A QUITE SPECTACULAR RAINBOW

Overwhelmed by the amount of information flying around the airwaves? Sit back and relax, because technologies are emerging that will make our current information highways look like footpaths. At Lucent Technologies, scientists have made one laser do the work of 206, generating the largest number of communications channels ever.

The technique used is called wavelength division multiplexing (WDM), the transmission of data over multiple wavelengths, which many believe to be the transmission technology of the future. Each wavelength adds a transmission lane to the information superhighway, so more traffic can be carried on a single fibre. While a single light source can generate hundreds of communications channels, conventional WDM systems are usually limited to dozens because the task of combining a large number of single frequency lasers is complex and expensive.

The team of scientists at Lucent have taken a femtosecond laser transmitter, a spectrally broadband source that covers a multitude of channels and combined it with a new kind of data encoding scheme.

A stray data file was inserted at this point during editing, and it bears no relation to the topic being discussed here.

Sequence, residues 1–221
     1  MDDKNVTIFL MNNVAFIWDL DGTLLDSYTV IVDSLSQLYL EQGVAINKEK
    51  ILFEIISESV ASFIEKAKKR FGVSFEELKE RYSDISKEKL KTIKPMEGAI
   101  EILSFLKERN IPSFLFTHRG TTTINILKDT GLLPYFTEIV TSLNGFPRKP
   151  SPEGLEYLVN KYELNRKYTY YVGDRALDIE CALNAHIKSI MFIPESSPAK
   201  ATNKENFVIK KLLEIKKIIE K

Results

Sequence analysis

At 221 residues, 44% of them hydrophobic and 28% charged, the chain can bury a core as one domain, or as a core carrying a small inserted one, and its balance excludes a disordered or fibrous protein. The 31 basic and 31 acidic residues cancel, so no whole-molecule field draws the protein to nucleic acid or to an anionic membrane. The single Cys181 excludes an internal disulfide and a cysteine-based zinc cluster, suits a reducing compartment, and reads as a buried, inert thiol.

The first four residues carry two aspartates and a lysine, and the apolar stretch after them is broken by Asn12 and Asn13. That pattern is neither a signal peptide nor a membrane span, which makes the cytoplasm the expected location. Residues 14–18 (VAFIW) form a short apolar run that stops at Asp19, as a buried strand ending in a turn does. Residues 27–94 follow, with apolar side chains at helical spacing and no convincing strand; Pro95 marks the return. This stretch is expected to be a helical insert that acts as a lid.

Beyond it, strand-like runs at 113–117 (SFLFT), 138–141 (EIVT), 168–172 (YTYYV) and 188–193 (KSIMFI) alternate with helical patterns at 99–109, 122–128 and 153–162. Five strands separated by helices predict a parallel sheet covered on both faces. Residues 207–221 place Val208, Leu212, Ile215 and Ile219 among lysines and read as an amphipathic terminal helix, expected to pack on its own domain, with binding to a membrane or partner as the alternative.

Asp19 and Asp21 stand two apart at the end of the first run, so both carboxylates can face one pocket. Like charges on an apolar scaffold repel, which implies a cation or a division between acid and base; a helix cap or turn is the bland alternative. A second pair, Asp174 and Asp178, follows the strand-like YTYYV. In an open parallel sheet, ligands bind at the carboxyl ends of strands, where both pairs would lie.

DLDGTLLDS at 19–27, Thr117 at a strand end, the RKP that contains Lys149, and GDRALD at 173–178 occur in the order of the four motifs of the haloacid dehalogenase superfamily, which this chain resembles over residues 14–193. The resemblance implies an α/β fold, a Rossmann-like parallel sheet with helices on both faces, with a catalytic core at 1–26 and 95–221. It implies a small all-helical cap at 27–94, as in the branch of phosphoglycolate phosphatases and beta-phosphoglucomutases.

To record data on all 206 channels, they took advantage of the fact that different wavelengths in a light pulse travel through optical fibre at different speeds; for example, red light propagates faster than blue. Usually, this spreading of the light signal – called dispersion – creates a problem, but here it is the essential to the operation.

Each wavelength arrives at the end of a fibre at a slightly different time so that the data can be encoded sequentially onto the WDM channels using a single data modulator: a series of rainbows, each about 20 billionths of a second long, flying across the optical fibre.

The technique requires a very broad colour spectrum and a short optical pulsewidth, both characteristic of a femtosecond laser. The shorter the light pulse, the wider the colour spectrum. The wider the spectrum, the more channels can be generated.

The femtosecond light source is a pulsed laser made of a length of optical fibre containing the rare-earth element erbium. Each colour, or channel, in the experimental system carries 36.7 million bits of information per second.

The scientists believe that the `spectral slicing’ of a spectrally broadband source is a simple way to generate a very large number of WDM channels, thereby paving the way to ultrafast applications in the area of communications, medicine, metrology as well as industrial process control.

Figure 1: A photolithographic mask used in making dense wavelength division multiplexers

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